Earlier in the season, Carmen made a bingo card for the San Francisco Giants. It featured a list of things that seemed plausible in any given game. Things like “Giants offense goes down in order”, and “Brandon Belt walks”, and “Close-up of Joe Panik’s rosy cheeks”.
It did not feature “Pablo Sandoval plays second base,” because conventional wisdom would inform you that that would render a few bingo columns unwinnable.
And then Sunday rolled around, and not only did Sandoval make an appearance at second base, but he started there. On purpose and everything! On purpose by the Giants, I should clarify.
In the recap, Kenny depicted Sandoval’s voyage into the middle infield:
Pablo Sandoval started at second base for the first time in his major league career, and the baseball gods cranked the difficulty up to Very Hard. In the inning, he got a ball that deflected off Blach, a ball hit far to his left (which he made a good play on), a ball that pinballed between Blach and the umpire, and another ball that Blach knocked down. Sandoval had a shot at the first one, but I don’t know if Joe Panik makes that play. It’s just unfair to Pablo that he didn’t get an easy grounder to give proof of concept before he had to get his uniform dirty.
While the start was odd, it wasn’t without some semblance of logic. Joe Panik and Alen Hanson are on the DL, making Kelby Tomlinson the de facto starting second baseman. Tomlinson has been cromulent enough, though it’s not hard to make the case that Sandoval is the notably better batter against right-handed pitchers. And it was reasonable to expect that Sandoval would transition half-decently to second base, and, for one short stint, those reasonable expectations were met.
Of course, Miguel Gomez was also available, though, not surprisingly, optioned shortly thereafter. Given that Gomez has been uninspiring with both wood and leather, he’s probably best served getting everyday at-bats at a less meaningful level.
Hopefully we don’t see much of Sandoval at second base. He’s slowed down since his relatively hot start to the season, and is hitting just .247/.306/.377, with a wRC+ of 90. He’s been worth 0.1 WAR, according to Fangraphs. That’s fine for a bench player - not good, but fine - but it’s certainly not something that warrants Bruce Bochy contorting a lineup card to make room for the Panda.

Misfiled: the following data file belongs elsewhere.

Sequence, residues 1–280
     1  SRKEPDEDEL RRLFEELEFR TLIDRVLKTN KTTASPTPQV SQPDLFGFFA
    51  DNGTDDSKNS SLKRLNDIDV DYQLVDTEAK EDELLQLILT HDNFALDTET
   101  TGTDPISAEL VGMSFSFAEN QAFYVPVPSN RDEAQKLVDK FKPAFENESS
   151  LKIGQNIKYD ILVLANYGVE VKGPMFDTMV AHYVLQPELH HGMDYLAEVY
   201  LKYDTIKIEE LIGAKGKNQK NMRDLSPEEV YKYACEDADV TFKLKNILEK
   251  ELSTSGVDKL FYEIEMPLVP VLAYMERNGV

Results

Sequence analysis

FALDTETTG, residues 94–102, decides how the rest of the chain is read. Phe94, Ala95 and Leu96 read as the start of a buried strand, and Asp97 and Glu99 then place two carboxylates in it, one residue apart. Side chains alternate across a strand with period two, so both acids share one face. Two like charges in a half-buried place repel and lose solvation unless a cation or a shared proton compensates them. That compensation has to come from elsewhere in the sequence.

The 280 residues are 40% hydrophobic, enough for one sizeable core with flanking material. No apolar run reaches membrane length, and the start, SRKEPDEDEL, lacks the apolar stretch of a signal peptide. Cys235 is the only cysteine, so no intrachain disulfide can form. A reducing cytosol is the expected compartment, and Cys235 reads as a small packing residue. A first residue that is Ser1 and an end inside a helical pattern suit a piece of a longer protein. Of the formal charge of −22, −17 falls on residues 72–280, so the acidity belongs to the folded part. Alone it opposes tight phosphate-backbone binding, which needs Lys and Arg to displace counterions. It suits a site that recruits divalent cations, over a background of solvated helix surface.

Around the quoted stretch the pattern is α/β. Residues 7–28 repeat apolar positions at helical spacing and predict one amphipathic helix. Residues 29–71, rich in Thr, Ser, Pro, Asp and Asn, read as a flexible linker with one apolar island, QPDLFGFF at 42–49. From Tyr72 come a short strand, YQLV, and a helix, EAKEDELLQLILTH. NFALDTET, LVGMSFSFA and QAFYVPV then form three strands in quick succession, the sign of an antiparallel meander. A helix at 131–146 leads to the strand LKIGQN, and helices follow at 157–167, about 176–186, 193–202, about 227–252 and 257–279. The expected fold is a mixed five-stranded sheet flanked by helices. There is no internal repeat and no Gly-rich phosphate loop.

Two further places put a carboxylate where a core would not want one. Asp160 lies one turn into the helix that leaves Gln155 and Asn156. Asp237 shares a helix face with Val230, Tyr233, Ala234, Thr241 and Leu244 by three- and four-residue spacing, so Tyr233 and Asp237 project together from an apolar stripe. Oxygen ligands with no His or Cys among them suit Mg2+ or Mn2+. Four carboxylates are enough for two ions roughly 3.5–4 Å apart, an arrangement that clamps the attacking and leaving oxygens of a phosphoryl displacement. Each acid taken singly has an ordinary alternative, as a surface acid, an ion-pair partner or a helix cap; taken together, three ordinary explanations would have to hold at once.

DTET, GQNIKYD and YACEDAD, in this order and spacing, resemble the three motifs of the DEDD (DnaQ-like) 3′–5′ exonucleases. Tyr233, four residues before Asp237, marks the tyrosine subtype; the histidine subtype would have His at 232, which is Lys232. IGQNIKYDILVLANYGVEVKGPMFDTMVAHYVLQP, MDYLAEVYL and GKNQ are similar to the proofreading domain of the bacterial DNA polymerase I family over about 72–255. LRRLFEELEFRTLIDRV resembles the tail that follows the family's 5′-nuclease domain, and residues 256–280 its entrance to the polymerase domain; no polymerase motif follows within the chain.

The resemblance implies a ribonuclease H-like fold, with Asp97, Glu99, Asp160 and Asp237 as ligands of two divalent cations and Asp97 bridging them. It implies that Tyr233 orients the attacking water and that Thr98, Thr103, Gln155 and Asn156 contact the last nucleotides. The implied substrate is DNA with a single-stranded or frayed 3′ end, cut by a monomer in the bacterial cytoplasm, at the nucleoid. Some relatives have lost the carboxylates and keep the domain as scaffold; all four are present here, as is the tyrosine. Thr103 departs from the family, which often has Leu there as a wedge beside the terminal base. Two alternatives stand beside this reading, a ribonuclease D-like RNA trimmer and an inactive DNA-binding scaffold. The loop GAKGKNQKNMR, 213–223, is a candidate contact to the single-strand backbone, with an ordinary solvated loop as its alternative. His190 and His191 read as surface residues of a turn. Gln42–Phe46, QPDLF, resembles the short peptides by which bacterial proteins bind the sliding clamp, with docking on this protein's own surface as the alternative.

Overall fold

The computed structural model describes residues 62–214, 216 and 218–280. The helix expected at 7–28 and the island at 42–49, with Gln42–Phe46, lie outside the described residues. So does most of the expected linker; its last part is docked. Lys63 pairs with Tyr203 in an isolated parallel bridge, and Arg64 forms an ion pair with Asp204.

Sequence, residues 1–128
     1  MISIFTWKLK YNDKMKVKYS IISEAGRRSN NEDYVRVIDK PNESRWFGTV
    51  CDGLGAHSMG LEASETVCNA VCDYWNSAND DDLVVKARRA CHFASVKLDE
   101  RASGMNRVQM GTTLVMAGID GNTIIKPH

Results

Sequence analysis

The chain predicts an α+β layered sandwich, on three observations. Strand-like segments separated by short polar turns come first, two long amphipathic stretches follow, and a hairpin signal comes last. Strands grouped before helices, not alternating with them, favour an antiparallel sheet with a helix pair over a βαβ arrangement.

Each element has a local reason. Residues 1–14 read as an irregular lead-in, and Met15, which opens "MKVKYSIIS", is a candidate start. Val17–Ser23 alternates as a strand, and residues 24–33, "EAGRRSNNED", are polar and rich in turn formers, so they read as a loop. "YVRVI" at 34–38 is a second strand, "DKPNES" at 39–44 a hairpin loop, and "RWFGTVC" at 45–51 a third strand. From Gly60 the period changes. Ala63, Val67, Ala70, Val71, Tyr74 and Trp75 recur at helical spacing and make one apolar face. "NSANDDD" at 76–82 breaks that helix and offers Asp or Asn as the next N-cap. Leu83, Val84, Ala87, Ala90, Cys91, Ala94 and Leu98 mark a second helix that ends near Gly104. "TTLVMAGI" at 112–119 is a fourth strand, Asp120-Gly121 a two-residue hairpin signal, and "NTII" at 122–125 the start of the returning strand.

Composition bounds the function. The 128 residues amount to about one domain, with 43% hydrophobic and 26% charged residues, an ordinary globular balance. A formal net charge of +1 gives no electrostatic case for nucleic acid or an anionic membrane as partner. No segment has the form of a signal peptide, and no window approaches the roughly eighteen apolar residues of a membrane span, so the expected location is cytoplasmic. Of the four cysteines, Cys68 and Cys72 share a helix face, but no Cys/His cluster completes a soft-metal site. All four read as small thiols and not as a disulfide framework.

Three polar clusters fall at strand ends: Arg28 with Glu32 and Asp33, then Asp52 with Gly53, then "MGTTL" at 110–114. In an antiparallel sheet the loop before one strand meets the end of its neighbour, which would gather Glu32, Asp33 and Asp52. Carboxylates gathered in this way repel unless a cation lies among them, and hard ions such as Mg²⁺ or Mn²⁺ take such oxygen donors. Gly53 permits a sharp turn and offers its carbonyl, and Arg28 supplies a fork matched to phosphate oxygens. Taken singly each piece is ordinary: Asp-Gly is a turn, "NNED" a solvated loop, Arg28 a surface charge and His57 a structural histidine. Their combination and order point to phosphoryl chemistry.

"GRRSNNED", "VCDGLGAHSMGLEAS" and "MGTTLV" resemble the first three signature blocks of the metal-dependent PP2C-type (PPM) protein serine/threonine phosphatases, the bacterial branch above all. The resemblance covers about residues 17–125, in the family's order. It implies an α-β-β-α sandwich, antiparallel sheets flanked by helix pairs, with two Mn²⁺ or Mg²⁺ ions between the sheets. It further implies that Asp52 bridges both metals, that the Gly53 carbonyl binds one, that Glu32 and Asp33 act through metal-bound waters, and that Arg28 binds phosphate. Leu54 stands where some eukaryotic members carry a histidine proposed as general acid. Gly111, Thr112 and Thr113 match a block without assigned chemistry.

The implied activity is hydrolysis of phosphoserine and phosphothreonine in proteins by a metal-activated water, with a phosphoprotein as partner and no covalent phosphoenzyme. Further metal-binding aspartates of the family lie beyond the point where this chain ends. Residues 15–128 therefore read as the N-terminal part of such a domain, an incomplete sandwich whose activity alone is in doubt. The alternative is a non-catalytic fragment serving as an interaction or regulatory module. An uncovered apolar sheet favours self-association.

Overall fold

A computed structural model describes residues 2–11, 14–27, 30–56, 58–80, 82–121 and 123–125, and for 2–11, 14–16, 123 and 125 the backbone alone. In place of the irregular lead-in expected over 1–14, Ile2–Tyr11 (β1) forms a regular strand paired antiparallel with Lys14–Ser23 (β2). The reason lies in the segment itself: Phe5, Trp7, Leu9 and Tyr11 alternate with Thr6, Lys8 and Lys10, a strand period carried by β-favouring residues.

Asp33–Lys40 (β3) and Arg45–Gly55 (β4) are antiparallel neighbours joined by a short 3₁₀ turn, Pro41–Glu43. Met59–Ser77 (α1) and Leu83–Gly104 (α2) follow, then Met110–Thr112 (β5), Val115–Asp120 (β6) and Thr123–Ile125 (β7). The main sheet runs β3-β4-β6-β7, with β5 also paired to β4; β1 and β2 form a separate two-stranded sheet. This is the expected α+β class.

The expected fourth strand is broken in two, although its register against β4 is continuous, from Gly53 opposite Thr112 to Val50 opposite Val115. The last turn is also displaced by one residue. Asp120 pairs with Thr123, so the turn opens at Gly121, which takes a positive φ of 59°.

Panik should be back this weekend, with Hanson not far behind. So Sandoval’s time there may be thoroughly over.
Still, the fact that he can hold down the position in a pinch is valuable. Sandoval entered the season as a backup third baseman and first baseman. In training camp he established himself as the third catcher. Once the season began, he proved to be a stunningly capable emergency reliever. And now he’s proved an ability to play second base. And even more!
Pablo Sandoval took the lineup card out for the Giants because he apparently does everything around here these days. pic.twitter.com/On5sRkMt1k— Alex Pavlovic (@PavlovicNBCS) May 29, 2018
If nothing else, that should give Bochy the opportunity to max out his roster. How often have we seen the Giants not use their best pinch-hitter because they didn’t want to forfeit their backup catcher? Or fail to use a pinch-runner because it would be limiting their defensive options if someone got hurt? Or kept the bullpen fresh in the 14th inning, in case there were more to come?
Sandoval shouldn’t get playing time at second, or at catcher, or on the mound. But the fact that he can still holds a fair amount of value for a team that needs to extract every ounce of impact available.